AIOs May Keep PCs Relevant

By Doug Olenick On Mar 12 2012 - 4:01am




NEW YORK – The proliferation of tablets, smartphones and Ultrabooks might put forth the idea that the stogy, old desktop has been put out to pasture, but the truth is bit different.

The category will never regain the prominence it had from the 1990s into the early part of this decade, but two items are expected to keep the desktop a viable category for the foreseeable future. The emergence of the all-in-one (AIO) desktop PC as a popular consumer product and the continuing desire among certain market segments for the tried and true desktop tower.

Manufacturers said these new categories are winning the battle for the consumer dollar, and the desktop category will probably lose a bit more share to mobile devices. However, industry watchers do think the downward spiral for the desktop is finally flattening out.

“The AIO will help stop the erosion,” said Steve Baker, industry analysis VP for The NPD Group.

The touchscreen AIO was first introduced by Hewlett- Packard in 2007 as a potential kitchen computer. The pricey ($1,899) device did not fare well in that role, but over the last three years it has evolved into a more mainstream device to become the star desktop product for vendors who compete in that category.

Additionally, the AIO has helped stabilize the desktop market in the face of the onslaught presented by mobile products.

“There are lots of people who do not need mobility. There is huge interest in the AIO and its experiencing double digit growth as it replaces some other segments, like 17-inch notebooks for example,” said Baker.

IDC tags the worldwide share for desktops at about 40 percent, with many of these sales taking place in emerging nations.

Despite seeing its market share decline, the tower’s niche in the market is also more or less secure, primarily because it is now a necessity for many people, particularly those with families.

“The desktop tower is still a very valid format. It’s in the comfort zone of people who are used to buying towers so when replacement time comes they go with a tower,” said Xavier Lauwaert, Hewlett-Packard’s manager, product marketing, worldwide desktops.

With that said, Lauwaert said the world is going mobile, so HP’s aim is to embrace mobility, not fight it, by finding ways to integrate mobile devices with desktop platforms.

This is primarily being done via the AIO, Lauwaert said.

Since the AIO’s introduction, other companies have jumped on the bandwagon.

“The AIO is a particular success story for Lenovo, and there is still room for growth with the AIO,” said Michael Littler, Lenovo’s product group marketing, consumer segment.

Littler said the AIO market is now expanding upward in price. Initially, the lower price points up to about $800 was the sweet spot, but Lenovo is now looking to push models priced $800 and more.

The most visible sign of the AIOs success is the amount of shelf space they are gaining at retail. Littler said the AIOs are expanding at the desktop tower’s expense, even as the entire desktop category is losing out to laptops and tablets on store shelves.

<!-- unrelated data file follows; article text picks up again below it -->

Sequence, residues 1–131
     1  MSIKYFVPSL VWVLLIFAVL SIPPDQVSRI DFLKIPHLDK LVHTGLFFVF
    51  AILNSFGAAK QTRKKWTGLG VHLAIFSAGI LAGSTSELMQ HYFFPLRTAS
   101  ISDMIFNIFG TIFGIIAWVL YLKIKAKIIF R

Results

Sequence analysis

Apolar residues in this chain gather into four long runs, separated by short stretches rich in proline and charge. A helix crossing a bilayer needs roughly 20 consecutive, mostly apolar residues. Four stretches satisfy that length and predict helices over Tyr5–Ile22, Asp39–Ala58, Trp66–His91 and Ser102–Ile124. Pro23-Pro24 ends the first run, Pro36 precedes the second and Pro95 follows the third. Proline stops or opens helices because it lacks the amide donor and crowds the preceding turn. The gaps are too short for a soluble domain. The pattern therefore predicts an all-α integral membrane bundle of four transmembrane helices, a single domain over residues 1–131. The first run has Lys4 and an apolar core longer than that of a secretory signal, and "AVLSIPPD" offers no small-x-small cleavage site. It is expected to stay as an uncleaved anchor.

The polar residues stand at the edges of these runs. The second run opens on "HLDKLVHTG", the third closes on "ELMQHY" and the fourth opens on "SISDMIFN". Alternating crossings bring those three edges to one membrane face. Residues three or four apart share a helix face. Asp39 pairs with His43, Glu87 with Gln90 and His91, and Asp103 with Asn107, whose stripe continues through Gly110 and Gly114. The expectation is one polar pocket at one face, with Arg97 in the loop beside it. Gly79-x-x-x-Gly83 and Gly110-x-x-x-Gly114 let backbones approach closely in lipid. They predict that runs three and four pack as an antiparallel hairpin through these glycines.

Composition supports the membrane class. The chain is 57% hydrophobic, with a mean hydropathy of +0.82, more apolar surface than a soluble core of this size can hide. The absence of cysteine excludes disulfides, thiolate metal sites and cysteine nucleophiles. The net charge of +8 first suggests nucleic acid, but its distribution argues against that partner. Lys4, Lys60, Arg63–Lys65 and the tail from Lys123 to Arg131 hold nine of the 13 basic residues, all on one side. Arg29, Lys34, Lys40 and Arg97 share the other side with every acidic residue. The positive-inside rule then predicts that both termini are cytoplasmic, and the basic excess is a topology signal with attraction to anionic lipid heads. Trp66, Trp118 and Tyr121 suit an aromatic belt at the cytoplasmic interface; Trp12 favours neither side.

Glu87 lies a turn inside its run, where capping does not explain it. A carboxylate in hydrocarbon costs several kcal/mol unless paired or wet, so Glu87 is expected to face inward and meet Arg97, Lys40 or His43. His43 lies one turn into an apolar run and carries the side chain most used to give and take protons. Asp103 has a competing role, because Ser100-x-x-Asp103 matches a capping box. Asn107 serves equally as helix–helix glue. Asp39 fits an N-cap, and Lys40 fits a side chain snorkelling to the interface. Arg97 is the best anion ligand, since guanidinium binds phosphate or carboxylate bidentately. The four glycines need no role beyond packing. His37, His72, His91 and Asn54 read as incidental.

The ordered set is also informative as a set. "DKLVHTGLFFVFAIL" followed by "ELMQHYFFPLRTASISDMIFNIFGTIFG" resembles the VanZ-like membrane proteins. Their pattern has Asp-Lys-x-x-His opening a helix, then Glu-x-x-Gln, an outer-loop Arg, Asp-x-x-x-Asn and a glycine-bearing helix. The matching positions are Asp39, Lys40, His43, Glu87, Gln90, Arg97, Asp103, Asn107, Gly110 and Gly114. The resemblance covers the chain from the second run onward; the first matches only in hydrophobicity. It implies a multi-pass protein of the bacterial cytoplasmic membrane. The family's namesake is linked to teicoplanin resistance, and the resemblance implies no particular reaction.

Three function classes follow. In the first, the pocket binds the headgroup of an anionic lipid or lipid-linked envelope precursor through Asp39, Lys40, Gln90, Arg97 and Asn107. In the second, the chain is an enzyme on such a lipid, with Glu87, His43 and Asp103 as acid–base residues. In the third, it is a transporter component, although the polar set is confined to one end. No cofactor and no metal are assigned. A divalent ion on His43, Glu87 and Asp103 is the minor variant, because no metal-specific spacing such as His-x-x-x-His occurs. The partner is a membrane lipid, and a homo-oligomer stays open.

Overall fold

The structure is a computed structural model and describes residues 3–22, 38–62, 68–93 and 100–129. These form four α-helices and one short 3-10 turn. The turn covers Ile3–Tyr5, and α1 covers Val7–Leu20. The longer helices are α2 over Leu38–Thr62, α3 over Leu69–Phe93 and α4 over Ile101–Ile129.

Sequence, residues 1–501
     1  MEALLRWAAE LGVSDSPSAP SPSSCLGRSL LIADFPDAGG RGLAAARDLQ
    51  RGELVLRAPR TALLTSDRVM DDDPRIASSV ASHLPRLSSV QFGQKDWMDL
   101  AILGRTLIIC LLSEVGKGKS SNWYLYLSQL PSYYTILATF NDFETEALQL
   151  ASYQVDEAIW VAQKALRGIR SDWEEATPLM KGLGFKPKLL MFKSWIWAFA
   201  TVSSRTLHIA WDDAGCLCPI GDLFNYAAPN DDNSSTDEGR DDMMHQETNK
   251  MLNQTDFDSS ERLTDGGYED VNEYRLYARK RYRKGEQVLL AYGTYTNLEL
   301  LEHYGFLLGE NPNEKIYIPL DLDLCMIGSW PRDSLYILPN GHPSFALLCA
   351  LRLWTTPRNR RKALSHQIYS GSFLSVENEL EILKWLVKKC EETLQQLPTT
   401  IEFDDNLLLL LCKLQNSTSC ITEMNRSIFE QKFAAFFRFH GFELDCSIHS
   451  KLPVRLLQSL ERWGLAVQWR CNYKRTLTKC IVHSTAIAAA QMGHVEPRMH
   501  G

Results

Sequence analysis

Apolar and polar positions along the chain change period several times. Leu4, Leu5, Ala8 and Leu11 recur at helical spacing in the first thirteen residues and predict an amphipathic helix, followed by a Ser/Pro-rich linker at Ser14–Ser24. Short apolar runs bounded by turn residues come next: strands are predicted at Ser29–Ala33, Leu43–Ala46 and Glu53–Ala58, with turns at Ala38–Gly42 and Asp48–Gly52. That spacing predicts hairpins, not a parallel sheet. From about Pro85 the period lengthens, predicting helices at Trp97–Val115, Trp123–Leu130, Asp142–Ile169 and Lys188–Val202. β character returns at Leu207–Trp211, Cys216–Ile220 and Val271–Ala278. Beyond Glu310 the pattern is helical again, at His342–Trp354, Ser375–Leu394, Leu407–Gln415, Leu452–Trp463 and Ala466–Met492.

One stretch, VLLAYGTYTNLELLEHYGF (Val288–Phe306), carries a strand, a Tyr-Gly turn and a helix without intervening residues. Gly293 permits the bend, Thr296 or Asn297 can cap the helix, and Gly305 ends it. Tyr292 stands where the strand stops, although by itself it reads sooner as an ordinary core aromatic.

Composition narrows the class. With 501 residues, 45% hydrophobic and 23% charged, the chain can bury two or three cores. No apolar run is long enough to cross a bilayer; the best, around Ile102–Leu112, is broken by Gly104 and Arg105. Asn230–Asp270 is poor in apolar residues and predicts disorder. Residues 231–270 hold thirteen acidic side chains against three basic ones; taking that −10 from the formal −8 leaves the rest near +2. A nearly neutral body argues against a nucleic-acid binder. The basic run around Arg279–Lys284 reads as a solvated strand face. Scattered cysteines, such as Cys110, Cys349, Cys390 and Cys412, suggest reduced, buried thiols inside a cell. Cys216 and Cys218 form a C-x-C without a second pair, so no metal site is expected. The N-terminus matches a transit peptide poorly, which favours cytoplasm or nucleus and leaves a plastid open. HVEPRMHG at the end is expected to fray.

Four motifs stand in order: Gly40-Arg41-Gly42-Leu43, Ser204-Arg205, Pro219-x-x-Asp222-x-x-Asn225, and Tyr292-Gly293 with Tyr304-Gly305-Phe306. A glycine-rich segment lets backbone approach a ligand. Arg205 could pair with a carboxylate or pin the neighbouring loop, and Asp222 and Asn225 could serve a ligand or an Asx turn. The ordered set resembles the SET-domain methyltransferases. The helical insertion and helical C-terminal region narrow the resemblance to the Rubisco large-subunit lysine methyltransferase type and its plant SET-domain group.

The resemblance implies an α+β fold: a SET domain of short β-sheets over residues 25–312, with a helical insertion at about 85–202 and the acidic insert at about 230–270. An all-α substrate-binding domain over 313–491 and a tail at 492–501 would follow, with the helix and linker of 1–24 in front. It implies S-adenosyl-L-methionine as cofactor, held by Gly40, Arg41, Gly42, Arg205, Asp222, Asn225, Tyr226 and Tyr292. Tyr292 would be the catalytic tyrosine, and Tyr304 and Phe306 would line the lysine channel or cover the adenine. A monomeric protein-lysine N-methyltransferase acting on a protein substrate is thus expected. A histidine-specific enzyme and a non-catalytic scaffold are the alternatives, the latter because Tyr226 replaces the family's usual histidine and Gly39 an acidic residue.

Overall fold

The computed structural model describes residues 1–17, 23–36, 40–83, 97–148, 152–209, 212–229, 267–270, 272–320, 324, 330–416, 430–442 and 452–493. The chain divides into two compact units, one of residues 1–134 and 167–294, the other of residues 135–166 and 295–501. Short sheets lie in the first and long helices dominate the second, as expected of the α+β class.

David Daoud, IDC’s research director, personal computing and green IT, thinks there is a chance the AIO could eventually put the tower out of business in the consumer market.

“It gets difficult for the average customer to justify it, the desktop, Daoud said, but there are areas the desktop can still do well are with the AIO form, the enterprise space, emerging markets and with families.

He pointed to the AIO’s touchscreen and features like a TV tuner will hurt the tower’s ability to compete overall for the consumer dollar.

However, most vendors still believe there is some upside for the venerable tower.

Frank Chang, Acer’s Pan America director for desktops, said he views the tower as less a commodity item like a refrigerator but more like a consumer’s need for an SUV.

“Every now and then you need something with power,” Chang said, adding that the cool factor certainly falls to the tablet and smartphone. However, if a PC breaks, it has to be replaced.

Even with the positive outlook being placed upon the tower, its heyday as a consumer favorite is long gone. The majority of the tower business is taking place at the low end with families tending to buy these models for their children because they are easy to set up and the danger of a child breaking one is minimal compared to a laptop, said Daoud.

However, a healthy portion of the remaining sales are taking place at the high end as gamers and prosumers buy towers because they pack the horsepower needed for their specific tasks like video editing. They are also highly upgradeable making them popular with the do-it-yourself user, a feature not always available in a notebook or even an AIO.

Consumers also know that towers are more powerful than a comparatively priced laptop and that is a big draw, said Lauwaert.

He said about 65 percent of HP’s worldwide desktop sales are towers with the remainder being AIOs.

Small form factor towers are a popular niche, said Littler, and Lenovo sees the tower business gravitating to this area.

The other bright spot for towers is the enterprise market as most company’s still prefer to buy towers for their employees to help keep costs down.

The desktop’s future on the consumer space could still hold a few surprises, said Daoud. “The desktop could reinvent itself like the TV has, you never know,” he said.

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